Fight Night Round 4
It's easy to think back on how great Fight Night Round 3 looked for its time, but a lot has changed in the three years since its release. Luckily, Round 4 is no slouch.
- Improved controls and presentation, robust feature set including online modes/integration
- Legacy mode could use some variety, not quite as much a step up as Round 3
Fight Night Round 4 lacks some of the wow factor of its predecessor, but it builds upon the strengths of Round 3 and corrects most of its weaknesses. Three years is a long time to wait for a sports sequel, but Round 4 is an excellent and necessary upgrade for all Fight Night fans, and it reasserts the series as the (relatively) uncontested titleholder across all simulation-style boxing games.
Price$ 99.95 (AUD)
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It's hard to forget the first time I landed an orbital-crushing haymaker in Fight Night Round 3: my vicious blow sent ripples across the opponent's cheeks and bodily fluids flying towards the canvas. No other boxing sim since has come close to recreating that amazing combination of visual brutality and gameplay finesse until now — Fight Night Round 4 is finally here and while it may not have the same revolutionary impact of its predecessor, it's a major step up in nearly every imaginable way.
It's easy to think back on how great Round 3 looked for its time, but a lot has changed in the three years since its release. Luckily, Round 4 is no slouch: the fighters look better than ever, with increased detail and more lifelike animations, and the upgrade to 60 frames per second irons out the clunky movements and other hiccups from the last game. Fighters still show visual damage and fatigue over the course of a match, but unlike Round 3, the user interface (with health, stamina, and damage meters) is on by default, so you'll have to manually disable it if you're looking for a less intrusive on-screen experience. With or without the meters, the knockdown punches remain a highlight, with the action slowing down and the camera zooming in for that exact moment that your perfect punch reaches its destination.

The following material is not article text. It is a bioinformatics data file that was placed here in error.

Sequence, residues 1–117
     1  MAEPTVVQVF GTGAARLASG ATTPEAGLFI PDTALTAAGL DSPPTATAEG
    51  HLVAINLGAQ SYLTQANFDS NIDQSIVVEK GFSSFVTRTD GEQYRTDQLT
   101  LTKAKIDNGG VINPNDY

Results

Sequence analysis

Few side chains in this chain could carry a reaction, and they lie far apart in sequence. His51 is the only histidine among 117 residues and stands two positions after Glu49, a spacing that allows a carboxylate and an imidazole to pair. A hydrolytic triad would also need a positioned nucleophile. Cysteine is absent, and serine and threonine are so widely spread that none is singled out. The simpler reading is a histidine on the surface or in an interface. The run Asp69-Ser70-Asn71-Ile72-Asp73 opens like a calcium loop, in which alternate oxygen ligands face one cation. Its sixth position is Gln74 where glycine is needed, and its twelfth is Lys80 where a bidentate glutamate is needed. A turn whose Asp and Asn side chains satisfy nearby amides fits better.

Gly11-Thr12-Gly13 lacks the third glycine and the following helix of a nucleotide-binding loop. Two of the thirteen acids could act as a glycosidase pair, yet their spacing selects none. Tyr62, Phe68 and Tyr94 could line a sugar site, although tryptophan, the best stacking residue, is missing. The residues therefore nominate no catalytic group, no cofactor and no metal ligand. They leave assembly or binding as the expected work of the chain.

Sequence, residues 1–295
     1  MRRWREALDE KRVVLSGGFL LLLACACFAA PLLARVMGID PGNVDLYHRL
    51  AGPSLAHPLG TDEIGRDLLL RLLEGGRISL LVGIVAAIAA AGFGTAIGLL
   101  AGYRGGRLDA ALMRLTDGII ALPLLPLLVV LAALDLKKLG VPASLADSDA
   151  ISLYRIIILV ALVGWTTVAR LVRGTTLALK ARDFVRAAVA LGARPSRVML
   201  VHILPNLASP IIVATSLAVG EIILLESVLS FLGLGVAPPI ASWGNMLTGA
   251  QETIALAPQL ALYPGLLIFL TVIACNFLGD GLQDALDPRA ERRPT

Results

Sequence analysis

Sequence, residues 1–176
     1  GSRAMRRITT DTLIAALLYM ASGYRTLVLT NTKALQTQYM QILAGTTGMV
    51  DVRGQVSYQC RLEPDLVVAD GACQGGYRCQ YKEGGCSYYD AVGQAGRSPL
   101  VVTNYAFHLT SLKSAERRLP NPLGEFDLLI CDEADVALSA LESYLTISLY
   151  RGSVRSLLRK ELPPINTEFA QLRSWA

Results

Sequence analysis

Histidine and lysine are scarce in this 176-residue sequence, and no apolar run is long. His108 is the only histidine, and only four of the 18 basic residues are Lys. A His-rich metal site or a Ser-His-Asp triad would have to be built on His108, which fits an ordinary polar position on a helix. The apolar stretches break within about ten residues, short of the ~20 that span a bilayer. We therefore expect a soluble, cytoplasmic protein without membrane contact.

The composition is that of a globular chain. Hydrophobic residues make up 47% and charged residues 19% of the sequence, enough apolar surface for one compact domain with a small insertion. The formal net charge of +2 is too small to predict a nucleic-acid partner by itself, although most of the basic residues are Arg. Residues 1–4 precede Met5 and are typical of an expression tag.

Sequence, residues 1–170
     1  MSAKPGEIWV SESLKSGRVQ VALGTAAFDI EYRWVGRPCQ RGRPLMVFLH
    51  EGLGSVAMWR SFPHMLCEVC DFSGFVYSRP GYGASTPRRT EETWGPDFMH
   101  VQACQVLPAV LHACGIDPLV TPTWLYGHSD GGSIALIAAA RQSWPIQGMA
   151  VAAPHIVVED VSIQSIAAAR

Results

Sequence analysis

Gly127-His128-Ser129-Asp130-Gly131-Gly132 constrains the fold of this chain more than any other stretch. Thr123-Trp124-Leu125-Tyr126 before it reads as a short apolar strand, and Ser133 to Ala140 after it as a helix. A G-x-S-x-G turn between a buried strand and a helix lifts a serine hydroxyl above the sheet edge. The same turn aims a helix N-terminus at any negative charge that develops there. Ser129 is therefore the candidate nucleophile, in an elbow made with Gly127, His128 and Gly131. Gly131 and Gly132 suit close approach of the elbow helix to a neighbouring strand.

Well worth noting is the increased emphasis on peripheral details outside the ring, which help create the sensation of fighting on the world stage. As you weave around the ring, you'll see photographers lining up their shots, judges keeping score, and even trainers shadowboxing near the corner. Also appreciated is the presence of Teddy Atlas who joins play-by-play man Joe Tessitore to offer compelling insight about the fighters and the current state of the sport. The dialogue gets recycled but it's worthwhile and interesting.
From its outset, the Fight Night franchise has always revolved around the Total Punch Control analog scheme, but it reaches a newfound level of speed and fluidity in Round 4. Launching basic jabs, hooks, and uppercuts requires simple movements of the right analog stick, and they're more easily chained than in Round 3. You'll link together combinations with just a little practice, and a freshly tweaked physics engine means even off base and glancing blows will have some impact on your opponent. Haymakers are now executed by holding a shoulder button in concert with analog movements, giving you a bit more control over when exactly to take a chance and throw a potentially round-changing punch.
And 'chance' is the key word here: should you miss, you may leave yourself wide open for a counterpunch, which can turn your powerful attempt into a quick trip to the mat. Should you find yourself on the floor, you'll need to regain vertical orientation using the analog sticks, which becomes increasingly difficult as the fight rages on. Assuming you make it through a round, you'll find a much different corner experience than in previous series entries. Rather than physically address swelling or cuts, you'll earn points from each round (for landing a high percentage of punches or stunning/knocking down your foe) that can be spent to recover your health or stamina, or reduce your accumulated damage.
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